Maybe you hear on the news that China is devaluing its currency to draw more foreign business into its country. If you think that trend will continue, you could make a forex trade by selling the Chinese currency against another currency, say, the US dollar. The more the Chinese currency devalues against the US dollar, the higher your profits. If the Chinese currency increases in value while you have your sell position open, then your losses increase and you'd want to get out of the trade.
Making a Trade: How to Buy and Sell Currency
You have an opinion. Now what? Open your free forex demo platform and trade your opinion.
All forex trades involve two currencies because you're betting on the value of a currency against another. Think of EUR/USD, the most-traded currency pair in the world. EUR, the first currency in the pair, is the base, and USD, the second, is the counter. When you see a price quoted on your platform, that price is how much one euro is worth in US dollars. You always see two prices because one is the buy price and one is the sell. The difference between the two is the spread. When you click buy or sell, you are buying or selling the first currency in the pair.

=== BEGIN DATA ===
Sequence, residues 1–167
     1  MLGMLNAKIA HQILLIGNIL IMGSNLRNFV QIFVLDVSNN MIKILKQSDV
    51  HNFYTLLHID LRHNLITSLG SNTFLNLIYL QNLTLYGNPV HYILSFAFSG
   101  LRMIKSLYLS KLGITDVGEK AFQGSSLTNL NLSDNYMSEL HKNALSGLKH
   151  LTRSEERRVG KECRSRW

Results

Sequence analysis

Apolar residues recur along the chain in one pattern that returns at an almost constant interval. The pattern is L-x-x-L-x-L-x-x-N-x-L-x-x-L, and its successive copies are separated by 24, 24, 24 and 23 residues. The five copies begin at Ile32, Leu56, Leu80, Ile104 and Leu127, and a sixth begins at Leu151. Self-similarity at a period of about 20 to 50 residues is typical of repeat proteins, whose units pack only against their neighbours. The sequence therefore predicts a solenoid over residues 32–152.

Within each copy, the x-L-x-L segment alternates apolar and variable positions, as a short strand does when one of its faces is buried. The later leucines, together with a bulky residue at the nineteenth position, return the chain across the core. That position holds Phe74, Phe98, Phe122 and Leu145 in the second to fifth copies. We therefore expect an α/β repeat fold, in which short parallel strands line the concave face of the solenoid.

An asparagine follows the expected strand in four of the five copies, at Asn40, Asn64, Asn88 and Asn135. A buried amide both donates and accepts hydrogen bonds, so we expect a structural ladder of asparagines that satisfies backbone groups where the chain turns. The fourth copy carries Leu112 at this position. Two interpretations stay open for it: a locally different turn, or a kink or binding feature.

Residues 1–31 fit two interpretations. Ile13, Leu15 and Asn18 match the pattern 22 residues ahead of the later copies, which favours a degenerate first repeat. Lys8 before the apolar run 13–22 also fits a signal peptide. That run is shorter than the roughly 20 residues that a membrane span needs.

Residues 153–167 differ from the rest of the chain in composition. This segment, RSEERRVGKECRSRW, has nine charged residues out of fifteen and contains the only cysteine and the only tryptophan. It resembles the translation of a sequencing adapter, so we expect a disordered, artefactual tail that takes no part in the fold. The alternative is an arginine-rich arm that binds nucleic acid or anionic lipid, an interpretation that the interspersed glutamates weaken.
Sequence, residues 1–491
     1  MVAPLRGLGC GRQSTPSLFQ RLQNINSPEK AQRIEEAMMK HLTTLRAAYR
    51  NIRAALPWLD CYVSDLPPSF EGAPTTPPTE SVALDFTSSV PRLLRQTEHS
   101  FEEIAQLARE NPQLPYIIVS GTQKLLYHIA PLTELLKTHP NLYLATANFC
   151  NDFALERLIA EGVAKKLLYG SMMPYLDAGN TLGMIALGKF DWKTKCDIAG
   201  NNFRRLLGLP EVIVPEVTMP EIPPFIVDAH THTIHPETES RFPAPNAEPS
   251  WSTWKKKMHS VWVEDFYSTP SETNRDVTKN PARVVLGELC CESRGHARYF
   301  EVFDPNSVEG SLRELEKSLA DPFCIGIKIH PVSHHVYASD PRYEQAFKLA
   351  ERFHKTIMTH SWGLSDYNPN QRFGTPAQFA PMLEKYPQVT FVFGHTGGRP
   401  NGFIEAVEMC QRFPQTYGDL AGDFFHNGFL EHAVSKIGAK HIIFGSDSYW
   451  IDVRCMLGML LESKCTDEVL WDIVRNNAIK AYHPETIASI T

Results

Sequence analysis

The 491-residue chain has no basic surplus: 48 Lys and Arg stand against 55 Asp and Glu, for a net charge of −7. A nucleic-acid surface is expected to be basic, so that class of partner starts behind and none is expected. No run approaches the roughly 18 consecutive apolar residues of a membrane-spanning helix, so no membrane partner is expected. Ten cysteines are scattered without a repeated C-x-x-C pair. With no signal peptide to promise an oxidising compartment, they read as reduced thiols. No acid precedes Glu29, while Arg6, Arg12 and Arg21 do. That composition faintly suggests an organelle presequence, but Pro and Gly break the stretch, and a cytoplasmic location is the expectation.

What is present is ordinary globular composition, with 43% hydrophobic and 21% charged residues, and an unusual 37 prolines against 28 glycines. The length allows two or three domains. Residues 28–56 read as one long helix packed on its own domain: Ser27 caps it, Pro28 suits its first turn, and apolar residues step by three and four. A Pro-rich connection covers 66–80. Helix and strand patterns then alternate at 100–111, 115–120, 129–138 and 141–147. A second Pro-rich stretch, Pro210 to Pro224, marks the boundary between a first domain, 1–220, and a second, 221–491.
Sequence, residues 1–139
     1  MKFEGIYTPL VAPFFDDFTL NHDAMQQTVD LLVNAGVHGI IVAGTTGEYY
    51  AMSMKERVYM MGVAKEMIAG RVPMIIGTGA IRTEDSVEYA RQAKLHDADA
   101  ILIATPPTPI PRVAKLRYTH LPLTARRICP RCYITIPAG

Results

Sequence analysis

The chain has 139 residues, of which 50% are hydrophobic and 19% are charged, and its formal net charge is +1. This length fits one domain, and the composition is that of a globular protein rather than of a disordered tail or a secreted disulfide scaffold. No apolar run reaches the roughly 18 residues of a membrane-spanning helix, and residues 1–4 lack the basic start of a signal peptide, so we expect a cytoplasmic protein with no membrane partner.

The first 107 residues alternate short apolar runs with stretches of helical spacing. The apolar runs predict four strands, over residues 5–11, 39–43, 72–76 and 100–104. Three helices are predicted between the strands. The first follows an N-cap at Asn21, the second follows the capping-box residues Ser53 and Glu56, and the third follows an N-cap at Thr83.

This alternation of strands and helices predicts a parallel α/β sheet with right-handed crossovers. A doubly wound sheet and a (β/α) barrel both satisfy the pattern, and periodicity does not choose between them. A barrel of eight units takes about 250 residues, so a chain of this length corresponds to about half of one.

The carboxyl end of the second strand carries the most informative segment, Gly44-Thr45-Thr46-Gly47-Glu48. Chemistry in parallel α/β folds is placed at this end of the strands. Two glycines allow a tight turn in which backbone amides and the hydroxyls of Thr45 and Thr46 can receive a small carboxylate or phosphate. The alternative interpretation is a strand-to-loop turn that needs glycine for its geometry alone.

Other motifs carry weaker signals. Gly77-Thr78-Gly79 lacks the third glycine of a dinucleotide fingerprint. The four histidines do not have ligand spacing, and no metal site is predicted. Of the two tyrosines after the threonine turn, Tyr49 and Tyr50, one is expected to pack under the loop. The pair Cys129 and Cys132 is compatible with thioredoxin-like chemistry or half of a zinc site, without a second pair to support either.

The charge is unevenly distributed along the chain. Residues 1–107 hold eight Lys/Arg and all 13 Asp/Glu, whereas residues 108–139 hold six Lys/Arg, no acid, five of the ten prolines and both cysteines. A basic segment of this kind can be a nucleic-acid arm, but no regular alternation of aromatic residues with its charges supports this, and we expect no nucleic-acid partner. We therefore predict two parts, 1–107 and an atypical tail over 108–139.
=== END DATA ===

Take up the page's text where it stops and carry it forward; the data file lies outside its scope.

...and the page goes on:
Let's say you think the euro will increase in value against the US dollar. Your pair is EUR/USD. Since the euro is first, if you think it will go up, you buy EUR/USD. If you think the euro will drop in value against the US dollar, you sell EUR/USD.
If the EUR/USD buy price is 0.70644 and the sell price is 0.70640, then the spread is 0.4 pips. If the trade moves in your favor (or against you), then, once you cover the spread, you could make a profit (or loss) on your trade.
Fractions of a Penny: Trading on Margin
If prices are quoted to the hundredths of cents, how can you see any significant return on your investment when you trade forex? The answer is leverage.
When you trade forex, you're effectively borrowing the first currency in the pair to buy or sell the second currency. With a $5-trillion-a-day market, the liquidity is so deep that liquidity providers—the big banks, basically—allow you to trade with leverage. To trade with leverage, you simply set aside the required margin for your trade size. If you're trading 50:1 leverage, for example, you can trade $1,000 in the market while only setting aside $20 in margin in your trading account. This gives you much more exposure, while keeping your capital investment down.
But leverage doesn't just increase your profit potential. It can also increase your losses, which can exceed deposited funds. When you're new to forex, you should always start trading small with lower leverage ratios, until you feel comfortable in the market.